Over hundreds of residents in Bengaluru’s Nallurahalli area, including school children, organised a protest on Wednesday seeking action from the civic bodies for overlooking the deteriorating state of the area.
The vicinity of Nallurahalli reeks of civic apathy. The 1.5 km stretch of land in Whitefield that serves as a link between Export Promotion Industrial Park (EPIP) and the International Tech Park Bangalore (ITPB) is in a terrible condition. Roads have been dug up, drains remain open, garbage all over the streets, and there are no footpaths or street lights, all of which are leading to massive traffic congestion.
Wednesday’s protest, however, was triggered when the residents found sinkholes on a road that had been asphalted four days ago by the Bengaluru Water Supply and Sewerage Board (BWSSB).
Members of Whitefield Rising and residents of Nallurahalli organised the protest called Nallurahalli Kapadi or Save Nallurahalli. They joined hands to form a human chain and kids from schools held placards demanding the restoration of the civic amenities.
In 2015, the BWSSB reportedly decided to lay an Under Ground Drainage (UGD) line in the area and convert the main road into an 80-ft road. However, the project faced a major delay and ultimately the construction work began in August 2016 with a deadline of October 2016. However, the work has remained mostly disrupted and it hasn’t seen any progress till now.
The Logical Indian spoke to the residents of the area to know more.
“We have been trying to reach out to the BWSSB, the BBMP (Bruhat Bengaluru Mahanagara Palike) and even BESCOM (Bangalore Electricity Supply Company Ltd.) authorities, but every authority is holding the other responsible. The BWSSB gave us a commitment letter which assured of finishing the work in 40-50 days, but every day the situation is turning out to be worse,” said Murugaraj Swaminathan, a techie and a member of Whitefield Rising.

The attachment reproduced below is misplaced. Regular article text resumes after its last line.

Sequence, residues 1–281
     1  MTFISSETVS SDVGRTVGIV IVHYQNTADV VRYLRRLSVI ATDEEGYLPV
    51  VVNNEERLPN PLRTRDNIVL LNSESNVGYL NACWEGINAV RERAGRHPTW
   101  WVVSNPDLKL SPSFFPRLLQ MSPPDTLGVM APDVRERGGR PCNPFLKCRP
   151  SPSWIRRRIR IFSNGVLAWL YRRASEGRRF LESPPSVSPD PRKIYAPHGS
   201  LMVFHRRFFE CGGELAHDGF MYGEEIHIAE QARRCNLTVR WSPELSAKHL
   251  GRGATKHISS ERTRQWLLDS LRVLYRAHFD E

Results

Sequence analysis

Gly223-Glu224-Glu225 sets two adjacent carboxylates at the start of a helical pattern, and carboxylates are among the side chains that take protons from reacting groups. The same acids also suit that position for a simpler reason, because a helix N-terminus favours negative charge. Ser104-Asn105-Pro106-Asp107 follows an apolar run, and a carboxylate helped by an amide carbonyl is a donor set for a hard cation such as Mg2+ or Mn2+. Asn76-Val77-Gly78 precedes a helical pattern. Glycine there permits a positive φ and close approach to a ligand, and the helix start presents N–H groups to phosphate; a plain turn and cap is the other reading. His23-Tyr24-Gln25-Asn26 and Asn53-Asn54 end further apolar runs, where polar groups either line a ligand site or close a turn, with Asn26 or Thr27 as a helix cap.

Not only civic, but pollution woes are also plaguing the suburb of Nallurahalli. The Particulate Matter 2.5 (PM2.5) level is above 500 parts per million (ppm) while the acceptable level is 50 ppm, according to residents who have measured the quality of air with hand-held devices.
“The work done by the government has so far been superficial. All the resources have been exploited and today the suburb doesn’t even have access to proper water distribution system. Earlier, this place had parks and lakes which have all been ruined by the construction work,” said Srinivas Reddy, a resident of Nallurahalli.
“The 1.5 km stretch of land has 14 schools, mostly kindergartens. Nearly 14 to 15 percent of students remain absent every day as they are falling sick owing to the high levels of pollution. Besides, the rate of accidents has also increased. At least six people have died, and other minor accidents keep occurring on this stretch,” added Mr Reddy.
The Logical Indian urges the authorities to take charge of the situation and improve the condition of the area, before casualties start increasing.